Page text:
Summary: Ronnie McGorvey goes for a bike ride and realizes just how much members of the community hate and fear him. One-shot.
A/n: This was a request from my friend DogWithHeadSplitOpen on the WatchmenComicMovie forums.
"Be careful out there, Ronnie," May McGorvey said in a quietly concerned tone. Ronnie sighed, fighting the urge to roll his eyes at his mother. He knew she meant well and that she was concerned for his well-being. Even though he played his off mother's concern, Ronnie knew it was justified. How many death threats had he received since moving back to Blueberry Court? He'd lost count and frankly didn't give a fuck anymore. The people here were too scared of him to actually try anything, save that Larry Hedges dickhead. He was probably the one sending the threats, too.
"I'm not stupid, Mommy," Ronnie replied, an embittered bite to his voice. "I can take care of myself, you know."
May shut her eyes, looking as though she wanted to wrap her arms around her son and tell him she wished she could trust him. Instead, she opened her eyes and spoke.
"Be careful, Ronnie."
McGorvey rode off on his bike, the late afternoon sun warming his back. His fully unbuttoned plaid work shirt flapped around his sides, the white T-shirt underneath rippling a little in the gust caused by his movements. It was a small luxury, this time alone. He wanted to prove that he could live without his mother's protection.
Who are you trying to prove that to, Ronnie? asked a little voice in the back of his mind. Have you figured that out?
"Myself," said McGorvey aloud as he neared a small mom 'n' pop candy store he'd assumed had opened during one of the three years he'd been in jail. He dismounted his bike and walked into the store, suddenly deciding to get some peppermint snaps for his mother and some crystallized ginger for himself.
"Oooh!" said a little voice behind him. Ronnie set down a small box of candy he was eyeing and turned around. A little girl, perhaps six or seven years old, stood on her tiptoes against a shelf. Her fingers reaching for a box of gummy worms, but only succeeded in pushing it a few inches away from her grasp. Ronnie smiled politely, took the troublesome box from the shelf and handed it to the child.
"Thanks, mister!" said the little girl with a smile.
"Julia Elizabeth, you get away from that man right now!" the girl's mother screamed.
Ronnie saw the cashier stride over to him. The man was bigger than he was, an adult version of the grade-school bully.
There was little time to react as Ronnie could only feel the sensation of being grabbed and then blinding pain as he was thrown out onto the sidewalk. He'd hit his head against his bicycle, stars flashing across his field of vision. It took everything he had to keep from falling unconscious.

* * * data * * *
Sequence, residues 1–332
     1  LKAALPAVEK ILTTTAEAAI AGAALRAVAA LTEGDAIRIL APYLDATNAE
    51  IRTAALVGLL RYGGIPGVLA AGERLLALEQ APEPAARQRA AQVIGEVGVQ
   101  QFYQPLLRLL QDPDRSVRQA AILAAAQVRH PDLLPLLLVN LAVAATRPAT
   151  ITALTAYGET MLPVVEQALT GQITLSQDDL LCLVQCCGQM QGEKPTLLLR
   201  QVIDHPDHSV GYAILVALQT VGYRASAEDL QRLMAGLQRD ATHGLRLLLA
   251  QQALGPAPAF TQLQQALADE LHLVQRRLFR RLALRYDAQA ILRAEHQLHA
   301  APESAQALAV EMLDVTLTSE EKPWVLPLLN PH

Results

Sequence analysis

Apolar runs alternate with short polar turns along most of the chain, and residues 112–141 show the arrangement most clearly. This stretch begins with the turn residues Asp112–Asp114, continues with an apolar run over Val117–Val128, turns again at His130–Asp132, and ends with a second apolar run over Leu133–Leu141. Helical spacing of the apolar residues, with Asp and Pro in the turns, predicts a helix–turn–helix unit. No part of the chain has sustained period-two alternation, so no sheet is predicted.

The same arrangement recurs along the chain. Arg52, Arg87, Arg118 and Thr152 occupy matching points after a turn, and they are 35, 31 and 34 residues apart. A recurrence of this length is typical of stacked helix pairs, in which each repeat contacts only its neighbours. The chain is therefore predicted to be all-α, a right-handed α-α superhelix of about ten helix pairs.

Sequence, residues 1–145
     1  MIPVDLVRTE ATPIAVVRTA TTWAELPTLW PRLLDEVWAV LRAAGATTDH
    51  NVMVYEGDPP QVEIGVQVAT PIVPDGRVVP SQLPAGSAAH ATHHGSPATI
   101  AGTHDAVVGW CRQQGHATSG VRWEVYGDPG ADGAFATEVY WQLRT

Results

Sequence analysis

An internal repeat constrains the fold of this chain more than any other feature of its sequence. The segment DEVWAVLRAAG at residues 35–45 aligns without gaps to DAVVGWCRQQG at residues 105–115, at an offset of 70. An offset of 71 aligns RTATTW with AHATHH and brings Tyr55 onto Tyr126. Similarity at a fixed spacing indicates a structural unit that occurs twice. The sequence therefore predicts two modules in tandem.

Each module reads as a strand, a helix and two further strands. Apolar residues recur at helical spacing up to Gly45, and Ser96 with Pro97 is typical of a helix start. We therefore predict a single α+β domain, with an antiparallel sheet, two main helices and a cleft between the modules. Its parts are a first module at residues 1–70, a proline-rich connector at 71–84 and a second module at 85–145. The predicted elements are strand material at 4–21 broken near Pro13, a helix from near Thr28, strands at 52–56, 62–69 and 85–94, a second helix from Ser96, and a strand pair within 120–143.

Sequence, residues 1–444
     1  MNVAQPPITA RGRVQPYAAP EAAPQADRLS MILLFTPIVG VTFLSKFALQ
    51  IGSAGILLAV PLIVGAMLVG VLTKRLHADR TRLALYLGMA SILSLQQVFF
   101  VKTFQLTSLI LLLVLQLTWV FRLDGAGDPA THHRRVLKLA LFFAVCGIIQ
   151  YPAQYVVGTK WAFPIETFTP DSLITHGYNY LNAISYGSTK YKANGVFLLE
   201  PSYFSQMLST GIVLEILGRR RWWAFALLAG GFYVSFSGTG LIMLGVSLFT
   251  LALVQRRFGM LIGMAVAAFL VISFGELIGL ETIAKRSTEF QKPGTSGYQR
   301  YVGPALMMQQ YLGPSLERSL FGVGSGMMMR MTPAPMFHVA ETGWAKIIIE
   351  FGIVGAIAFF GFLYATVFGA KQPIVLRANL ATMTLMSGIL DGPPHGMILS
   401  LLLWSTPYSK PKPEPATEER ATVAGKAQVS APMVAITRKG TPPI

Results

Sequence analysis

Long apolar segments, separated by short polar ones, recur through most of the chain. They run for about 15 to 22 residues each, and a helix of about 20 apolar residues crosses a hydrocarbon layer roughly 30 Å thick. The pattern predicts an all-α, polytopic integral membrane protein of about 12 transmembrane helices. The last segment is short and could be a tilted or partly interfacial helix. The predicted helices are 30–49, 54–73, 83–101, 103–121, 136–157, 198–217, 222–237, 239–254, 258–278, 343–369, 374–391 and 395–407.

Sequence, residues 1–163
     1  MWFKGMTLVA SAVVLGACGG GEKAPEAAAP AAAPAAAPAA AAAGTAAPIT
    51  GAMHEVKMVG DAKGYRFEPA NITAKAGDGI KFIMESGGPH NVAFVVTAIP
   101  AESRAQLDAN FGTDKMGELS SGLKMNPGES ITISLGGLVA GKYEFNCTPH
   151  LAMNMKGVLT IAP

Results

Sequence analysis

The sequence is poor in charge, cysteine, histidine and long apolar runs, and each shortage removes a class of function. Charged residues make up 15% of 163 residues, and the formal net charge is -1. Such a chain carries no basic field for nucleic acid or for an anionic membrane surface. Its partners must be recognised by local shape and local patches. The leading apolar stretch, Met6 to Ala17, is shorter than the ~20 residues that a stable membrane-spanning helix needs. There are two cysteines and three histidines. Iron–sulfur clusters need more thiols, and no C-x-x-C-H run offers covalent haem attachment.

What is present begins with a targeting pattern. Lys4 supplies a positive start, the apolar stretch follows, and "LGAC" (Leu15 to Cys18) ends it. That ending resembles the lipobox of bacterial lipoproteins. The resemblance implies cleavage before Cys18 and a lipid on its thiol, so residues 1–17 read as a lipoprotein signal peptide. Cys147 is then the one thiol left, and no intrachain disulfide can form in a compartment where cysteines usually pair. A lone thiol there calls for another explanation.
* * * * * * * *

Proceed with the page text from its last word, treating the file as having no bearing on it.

Don't you dare pass out, he told himself. You pass out and Mommy will be forced to bury you in a closed casket. Get up. Get up, get up, get up…
Ronnie attempted to get to his feet when the cashier's foot connected with his face. His lower lip split open and his nose broken, Ronnie heard himself yelp in pain as blood streamed from his face.
"Get the hell outta here, pervert!" the cashier said, kicking Ronnie in the ribs before toppling his bicycle over the beaten man's bleeding form. "The other prisoners should have killed you like they killed Dahmer!"
Ronnie remained on all fours for a moment. He looked at his bruised and battered reflection in the store window. His left eye was already becoming encircled in a large black bruise, the lower half of his face was drenched in blood. Breathing hurt, making Ronnie assume one or two of his ribs had been broken. McGorvey looked past his reflection the window and saw the little girl he'd helped looking back at him, scared tears falling silently down her face.
Is that what he was to people? Have parents transformed him into the boogeyman in the minds of their children? A monster…he remembered when his own mother had called him that…
It was visitors day at the prison were Ronnie was being held. He'd been there for a few weeks. May had come to see him, wearing a black dress as though she were at a funeral. She was, in a way. May had cleaned Ronnie's room shortly after the police came and took him away. There had been a suitcase hidden under his bed. May had been horrified when she'd opened it. Pictures of children who were…May felt sick at the thought. She'd taken the suitcase, dumped those evil pictures into the bathtub and set them ablaze, sobbing the whole time. It was the first time she wondered if her son, her Ronnie, really was the sick monster the newspapers made him out to be.
A guard stood beside Ronnie and May. Ronnie's hands were handcuffed behind his back and he rubbed his cheek against his shoulder as though trying to scratch a rather annoying itch. His thin face looked sharper with the five 'o' clock shadow he'd grown.
"I found those pictures, Ronnie," said May quietly. Her voice was strained, as though she were trying to not cry. "Why? How dare you bring that filth into my house!"
Ronnie said nothing, his cold blue eyes staring into her eyes with that intense look that scared her sometimes. He didn't care. After a thoughtful silence, Ronnie sighed.
"Mommy—" he started. SLAP! May couldn't believe she'd struck him. It was as though she were somewhere else when her hand had connected with Ronnie's cheek. Ronnie looked stunned, even angry. The guard had quickly led him back to his cell while May collapsed into a chair, sobbing.
"A monster," she wept. "My son is a monster."
Ronnie pulled himself to his feet, staggering a little. The cashier had a shotgun pointed at him now, threatening to blast him to kingdom come if he didn't get the fuck away from the store.
Just shoot me, Ronnie thought as he picked up his bicycle and began the limp home. You'd be doing me a favor.